Normally, when an urban legend persists there’s some kernel of truth to the story. Somebody sees something, like, say, an old woman dressed all in grey walking along Ocean Beach in the fog, and the watcher is slightly drunk, or high, so they make up a story about the Grey Ghost of Ocean Beach or whatever. They tell their friends, and the legend spreads for a bit, or dies right there. If enough weird things happen that roughly match the outline of the story, the spread intensifies, and the story might enter the realm of city folklore. The best urban legends can carry on for years, told and re-told until everyone who could possibly be interested moves away, or dies, or the story is exposed by someone like me. The longest I had seen a piece of folklore live, without exposure, and still be taken seriously, was about twenty years, give or take. Enough time for a whole generation to come up and move on in our ever-changing city.

After digging into stories, and old journals, and hinted rumors in ancient newspapers and antique books, it looked like the Vampire story had been living, non-stop, in San Francisco for over a hundred years. Well before the publishing of that damn book, almost to the glory gold rush days themselves. When I was able to trace that line all the way back, I felt my first thrill of uncertainty, tinged with fear. The immensity of the story seemed to loom over me.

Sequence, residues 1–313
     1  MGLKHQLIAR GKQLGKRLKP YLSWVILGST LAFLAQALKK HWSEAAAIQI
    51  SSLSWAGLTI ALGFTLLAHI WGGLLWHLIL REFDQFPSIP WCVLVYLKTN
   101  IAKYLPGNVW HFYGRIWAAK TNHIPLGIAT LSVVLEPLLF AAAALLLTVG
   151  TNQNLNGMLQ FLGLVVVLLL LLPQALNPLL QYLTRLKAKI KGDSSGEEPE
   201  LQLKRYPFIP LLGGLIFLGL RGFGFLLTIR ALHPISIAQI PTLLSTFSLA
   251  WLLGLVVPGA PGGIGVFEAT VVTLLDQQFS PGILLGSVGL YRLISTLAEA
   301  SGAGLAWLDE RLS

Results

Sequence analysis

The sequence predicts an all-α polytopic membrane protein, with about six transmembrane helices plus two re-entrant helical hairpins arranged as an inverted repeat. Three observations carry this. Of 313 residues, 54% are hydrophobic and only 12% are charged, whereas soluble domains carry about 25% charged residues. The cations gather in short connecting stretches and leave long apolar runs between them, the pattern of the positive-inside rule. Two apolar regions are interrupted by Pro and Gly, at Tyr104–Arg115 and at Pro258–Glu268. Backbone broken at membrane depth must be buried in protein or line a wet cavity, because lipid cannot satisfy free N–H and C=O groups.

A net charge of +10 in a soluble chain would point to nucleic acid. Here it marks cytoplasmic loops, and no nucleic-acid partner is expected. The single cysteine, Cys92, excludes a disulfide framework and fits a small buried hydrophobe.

And yet! I still had no clear lead, no clear path. Rumored sightings, whispered stories, nothing concrete! Barely a consistent description, and one that could have matched most of the men in the Financial District. Pale, blond, lithe or muscular depending on who you asked. And always, always impeccably dressed. I would hear he had been at this party, or that gala, or this orgy (San Francisco being what it is), but never any proof, any evidence. Once, I got a text from a friend at party, who knew how long I had been searching: “HE’S HERE COME NOW”. I practically sprinted across town, not even remembering how I got there, and rushed into the club, only to find my friend looking like she was on the biggest high of her life, dreamy and moving slowly.